Trudeau admits comments may have affected Calgary byelection

Justin Trudeau told CBC Radio's The House with Evan Solomon that he may have "hindered a little bit" the Calgary Centre byelection with negative comments he made about Alberta two years ago.

Says anti-Alberta remarks he made 2 years ago may have hurt Liberal candidate

Liberal MP Justin Trudeau speaks to reporters outside a hotel in Vancouver Friday, where he offered an apology for comments he made about Alberta politicians in 2010. (Richard Lam/Canadian Press)

Liberal Justin Trudeau says negative comments he made about Alberta two years ago may have "hindered a little bit" his party's chances in the Calgary Centre byelection.

But in an interview on CBC Radio's The House with Evan Solomon he said he helped Liberal candidate Harvey Locke "on the ground" by campaigning with him several times in Calgary.

"Look, I helped out by being there on the ground. I may have, I may have hindered a little bit, I apologized but in general I think the fact is whether or not we won or lost that byelection there was always going to be an awful lot of work to do in Calgary moving forward towards 2015," Trudeau said.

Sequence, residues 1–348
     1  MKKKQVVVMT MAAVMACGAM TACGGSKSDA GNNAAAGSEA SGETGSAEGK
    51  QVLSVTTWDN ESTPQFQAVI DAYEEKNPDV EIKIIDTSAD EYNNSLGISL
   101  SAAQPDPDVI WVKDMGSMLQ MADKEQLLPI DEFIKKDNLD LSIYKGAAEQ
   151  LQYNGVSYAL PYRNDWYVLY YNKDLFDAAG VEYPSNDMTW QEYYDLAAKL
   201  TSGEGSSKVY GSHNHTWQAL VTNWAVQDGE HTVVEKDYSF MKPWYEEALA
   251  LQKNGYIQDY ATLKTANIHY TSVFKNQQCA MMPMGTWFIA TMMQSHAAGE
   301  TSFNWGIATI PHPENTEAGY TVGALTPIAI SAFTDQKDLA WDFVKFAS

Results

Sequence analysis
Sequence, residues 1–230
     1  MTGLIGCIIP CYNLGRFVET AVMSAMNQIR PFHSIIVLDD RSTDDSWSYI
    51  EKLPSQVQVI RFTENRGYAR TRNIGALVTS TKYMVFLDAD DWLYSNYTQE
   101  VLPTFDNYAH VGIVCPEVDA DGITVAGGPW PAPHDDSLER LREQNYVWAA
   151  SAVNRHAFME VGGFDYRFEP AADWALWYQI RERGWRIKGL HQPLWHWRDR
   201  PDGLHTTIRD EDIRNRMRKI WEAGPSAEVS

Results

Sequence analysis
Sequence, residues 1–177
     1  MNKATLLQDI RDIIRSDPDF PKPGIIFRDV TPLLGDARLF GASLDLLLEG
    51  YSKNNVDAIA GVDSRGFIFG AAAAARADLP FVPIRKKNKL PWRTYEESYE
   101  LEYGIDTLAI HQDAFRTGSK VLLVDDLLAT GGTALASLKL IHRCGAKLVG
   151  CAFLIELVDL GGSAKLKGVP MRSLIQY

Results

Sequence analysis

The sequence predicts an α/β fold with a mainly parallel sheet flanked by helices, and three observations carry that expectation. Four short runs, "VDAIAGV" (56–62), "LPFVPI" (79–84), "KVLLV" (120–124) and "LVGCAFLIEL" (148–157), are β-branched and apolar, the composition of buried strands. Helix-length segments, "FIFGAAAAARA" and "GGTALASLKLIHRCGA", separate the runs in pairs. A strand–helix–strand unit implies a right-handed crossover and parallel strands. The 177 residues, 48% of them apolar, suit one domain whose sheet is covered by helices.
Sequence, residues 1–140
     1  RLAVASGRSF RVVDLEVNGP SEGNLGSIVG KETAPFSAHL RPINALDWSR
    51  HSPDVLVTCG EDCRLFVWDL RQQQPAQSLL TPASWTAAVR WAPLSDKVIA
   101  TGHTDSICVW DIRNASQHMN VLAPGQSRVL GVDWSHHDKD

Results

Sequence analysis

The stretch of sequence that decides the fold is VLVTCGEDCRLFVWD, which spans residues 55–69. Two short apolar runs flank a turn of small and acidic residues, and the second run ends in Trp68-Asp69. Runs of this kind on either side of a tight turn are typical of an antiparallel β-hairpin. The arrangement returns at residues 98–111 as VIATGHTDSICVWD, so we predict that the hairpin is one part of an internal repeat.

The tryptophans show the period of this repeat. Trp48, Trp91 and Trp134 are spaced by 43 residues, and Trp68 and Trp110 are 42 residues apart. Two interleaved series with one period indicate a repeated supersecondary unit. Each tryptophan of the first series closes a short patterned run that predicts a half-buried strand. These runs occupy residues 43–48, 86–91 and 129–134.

Trudeau said on a Quebec TV program two years ago that Canada wasn't doing well because "it's Albertans who control our community and socio-democratic agenda." The remarks were dug up by a media outlet last week, just days before the Calgary byelection on Monday. Trudeau apologized for his comments and said that he meant Stephen Harper's government, and not Albertans.

Locke, the Liberal candidate who was running against Conservative candidate Joan Crockatt, came a close second in the race with nearly 33 per cent of the vote compared to Crockatt's nearly 37 per cent.

Locke's voter base could also have been affected by remarks last week by Liberal MP David McGuinty, who said that Alberta MPs should "go back to" their home province if they weren't prepared to work for the national interest, rather than just Alberta's, when it comes to energy. McGuinty apologized and resigned his role as his party's natural resources critic.

Liberal MP Marc Garneau, who declared his leadership candidacy Wednesday, said on CBC's Power & Politics that Trudeau comments "didn't help" Locke. Garneau went on to say that he fully understands the West and the oilsands, because he spent two years on the board of an Alberta energy corporation.

The full interview with Trudeau can be heard on The House on CBC Radio Saturday.